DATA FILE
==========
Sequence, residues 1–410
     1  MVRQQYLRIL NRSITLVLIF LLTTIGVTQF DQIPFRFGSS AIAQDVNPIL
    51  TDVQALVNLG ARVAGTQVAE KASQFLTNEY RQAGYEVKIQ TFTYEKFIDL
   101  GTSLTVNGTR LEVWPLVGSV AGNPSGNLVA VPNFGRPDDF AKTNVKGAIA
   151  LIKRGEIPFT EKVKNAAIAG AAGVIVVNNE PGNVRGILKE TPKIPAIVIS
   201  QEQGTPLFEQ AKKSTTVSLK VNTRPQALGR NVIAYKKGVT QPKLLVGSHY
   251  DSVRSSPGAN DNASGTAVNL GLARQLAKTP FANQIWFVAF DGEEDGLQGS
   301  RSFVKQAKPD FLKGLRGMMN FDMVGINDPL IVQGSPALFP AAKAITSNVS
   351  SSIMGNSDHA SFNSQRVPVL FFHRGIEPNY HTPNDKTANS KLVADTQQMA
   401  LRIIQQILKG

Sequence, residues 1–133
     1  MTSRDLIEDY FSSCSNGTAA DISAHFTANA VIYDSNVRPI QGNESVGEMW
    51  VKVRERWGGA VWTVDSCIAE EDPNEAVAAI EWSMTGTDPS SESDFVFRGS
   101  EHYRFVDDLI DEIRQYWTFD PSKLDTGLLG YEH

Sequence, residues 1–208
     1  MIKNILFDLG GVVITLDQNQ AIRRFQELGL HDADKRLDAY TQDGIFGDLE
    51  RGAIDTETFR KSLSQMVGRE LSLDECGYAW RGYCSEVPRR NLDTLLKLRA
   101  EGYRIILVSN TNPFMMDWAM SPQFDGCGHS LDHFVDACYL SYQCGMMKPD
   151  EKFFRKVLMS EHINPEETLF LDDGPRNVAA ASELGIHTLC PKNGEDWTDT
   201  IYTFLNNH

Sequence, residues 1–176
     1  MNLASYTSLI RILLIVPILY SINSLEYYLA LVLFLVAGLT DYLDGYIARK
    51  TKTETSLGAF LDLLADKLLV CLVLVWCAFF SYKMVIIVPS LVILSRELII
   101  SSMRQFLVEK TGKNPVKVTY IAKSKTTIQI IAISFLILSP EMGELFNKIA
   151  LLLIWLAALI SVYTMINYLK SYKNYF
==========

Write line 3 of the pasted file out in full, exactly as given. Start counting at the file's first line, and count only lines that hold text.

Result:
    51  TDVQALVNLG ARVAGTQVAE KASQFLTNEY RQAGYEVKIQ TFTYEKFIDL